[MUD-Dev] [MLP] NPC Complexity

Kwon Ekstrom justice at softhome.net
Mon Apr 29 20:44:06 New Zealand Standard Time 2002

From: <Daniel.Harman at barclayscapital.com>
> From: Kwon Ekstrom [mailto:justice at softhome.net]

>> You could add an NPC layer to the AI (which now that I think
>> about it, wouldn't be a bad idea anyway), which races propagate
>> events to when they're done handling them.  Then write an AI to
>> allow NPC's to transfer data between themselves.  Then you can
>> add an AI to the standard NPC init code allowing them to learn.

>> I'm using the "higher" level AI's for 2 things, they're a central
>> distribution point, and it's a pooled AI, so all the creatures of
>> that grouping have access to it.

> I quite like this idea, but I do wonder if identical behaviour
> couldn't be achieved through the use of emergent systems. Rather
> than trying to model the higher level functions of npc group
> interactions, one could look at what motivates people on an
> individual level, and by modeling them create these seemingly
> complex results.

There'd be a variety of ways to create similar behavior, the layered
AI system is meant setup for the game designer more than the
resulting behavior.  It's designed to use a minimum of system
resources while allowing the behavior of creatures in the realm to
be extended easily.  Since it's event driven, you can create
pseudo-intelligent reactions without creating a truely active AI.

> When groups of people do things, it seems to me that it is more
> down to the leadership than the bulk of the group. Perhaps we just
> need to study the motivations of leaders and then model them.

Yes, the leader of the group is the one primarily making the
decisions, or rather, the leader is a central dispatch point of the
decisions.  If you wanted to truely emulate behavior of a group, you
would have to give each mobile specific it's own set of goals, then
your "leader" mobiles would need to try and fill those goals in the
people following it.  The success of said leader will be in how well
he fulfills his goals, and keeps his followers happy.  If the leader
is trying to do something fairly popular, he could build a large
group of followers pretty fast.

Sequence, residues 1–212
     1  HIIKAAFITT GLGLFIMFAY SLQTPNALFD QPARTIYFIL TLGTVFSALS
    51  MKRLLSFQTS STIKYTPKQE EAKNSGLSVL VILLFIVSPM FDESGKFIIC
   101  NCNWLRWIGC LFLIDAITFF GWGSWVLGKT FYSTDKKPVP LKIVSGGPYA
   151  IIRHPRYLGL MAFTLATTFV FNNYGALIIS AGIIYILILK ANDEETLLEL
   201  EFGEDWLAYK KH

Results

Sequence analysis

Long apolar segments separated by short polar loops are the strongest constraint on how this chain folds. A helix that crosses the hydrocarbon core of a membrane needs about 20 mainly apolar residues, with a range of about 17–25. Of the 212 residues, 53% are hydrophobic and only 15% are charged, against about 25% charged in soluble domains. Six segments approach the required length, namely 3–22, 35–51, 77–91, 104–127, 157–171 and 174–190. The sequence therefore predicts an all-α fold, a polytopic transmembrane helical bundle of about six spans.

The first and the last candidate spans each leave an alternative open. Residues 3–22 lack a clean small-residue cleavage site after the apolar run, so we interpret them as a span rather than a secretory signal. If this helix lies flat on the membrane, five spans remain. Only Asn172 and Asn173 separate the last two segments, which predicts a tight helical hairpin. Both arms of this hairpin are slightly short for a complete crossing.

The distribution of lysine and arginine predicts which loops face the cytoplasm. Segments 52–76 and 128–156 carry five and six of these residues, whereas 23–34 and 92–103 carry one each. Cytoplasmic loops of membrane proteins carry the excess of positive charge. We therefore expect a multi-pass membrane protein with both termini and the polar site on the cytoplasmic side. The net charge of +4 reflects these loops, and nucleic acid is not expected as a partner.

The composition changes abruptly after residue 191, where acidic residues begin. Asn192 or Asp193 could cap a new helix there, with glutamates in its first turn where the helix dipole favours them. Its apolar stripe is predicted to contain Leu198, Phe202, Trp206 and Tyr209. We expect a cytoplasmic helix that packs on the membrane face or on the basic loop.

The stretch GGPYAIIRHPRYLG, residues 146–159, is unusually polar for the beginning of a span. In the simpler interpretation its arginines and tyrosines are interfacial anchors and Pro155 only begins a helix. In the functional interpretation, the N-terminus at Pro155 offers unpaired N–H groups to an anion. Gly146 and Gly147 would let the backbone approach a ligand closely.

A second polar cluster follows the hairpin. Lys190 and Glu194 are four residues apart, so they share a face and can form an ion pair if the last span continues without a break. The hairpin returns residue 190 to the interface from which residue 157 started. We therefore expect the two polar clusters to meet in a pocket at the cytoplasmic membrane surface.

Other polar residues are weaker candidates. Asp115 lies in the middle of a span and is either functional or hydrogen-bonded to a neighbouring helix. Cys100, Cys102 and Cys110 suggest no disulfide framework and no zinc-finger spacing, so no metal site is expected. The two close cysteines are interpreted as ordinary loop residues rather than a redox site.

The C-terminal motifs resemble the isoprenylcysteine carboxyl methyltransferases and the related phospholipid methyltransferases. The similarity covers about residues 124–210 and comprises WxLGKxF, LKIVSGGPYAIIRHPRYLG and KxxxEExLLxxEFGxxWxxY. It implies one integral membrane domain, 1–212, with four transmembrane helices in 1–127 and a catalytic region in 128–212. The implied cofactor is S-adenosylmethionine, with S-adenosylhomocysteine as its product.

> Of course thats skipping a step, the first stage is to look at why
> beings group and then stay grouped. Then to model why one creature
> might emerge as leader of the group (or subgroup), followed by his
> motivations to war/plant trees/build a castle/etc and his
> abilities to motivate others to do the same.

> It would be a layered AI in the sense that there would be a
> hierarchy, but at the same time you wouldn't have different rules
> for different entities, and I suspect it might have interesting
> behaviours you couldn't/wouldn't have thought of if you were
> modeling them explicitly at a higher level.

I don't see a problem with having different rules for different
entities.  In most rpg's the behavior of a character is heavily
colored by his or her race, and/or class.  you don't expect
individual to behave the same in most aspects.  There are a variety
of things where the majority of your people would behave in a
similar manor, most people would retaliate or run when attacked,
depending on the situation.

As I stated above, the purpose of the layered AI wasn't to emulate
true behavior, it was to create complex behavior in a way that was
easy to expand.  My job is to create an interesting world for
players to explore, not to create a simulation.  It cuts alot of
corners, but creates an interesting environment.  And it's easy to
adjust the behavior model, you have alot less factors to take into
account to achieve the desired behavior.

Alot of people seem to be trying to simulate "real" behavior, when
in truth I don't think that's a practical result.  The discussions
on how the sims handled their AI shows that it was just a priority
list of needs compared to how well a specific object handles those
needs, and for the most part, I hear people ranting and raving about
how well it portrays people.  It's a simple model to simulate a
complex interaction.

This is similar to Psychohistory in Asimov's Foundation
series... where the mathimatician Harry Seldon predicts the future
using mathimatical probabilities.  The theory states that the larger
the group of people the more accurate the results.  This is because,
the larger the group the less factors affect each member, when you
get down to an individual, the number of factors you have to take
into account is immense.  I don't believe that psychohistory will
ever become a reality, large groups of people are generally governed
by a small group.

-- Kwon J. Ekstrom

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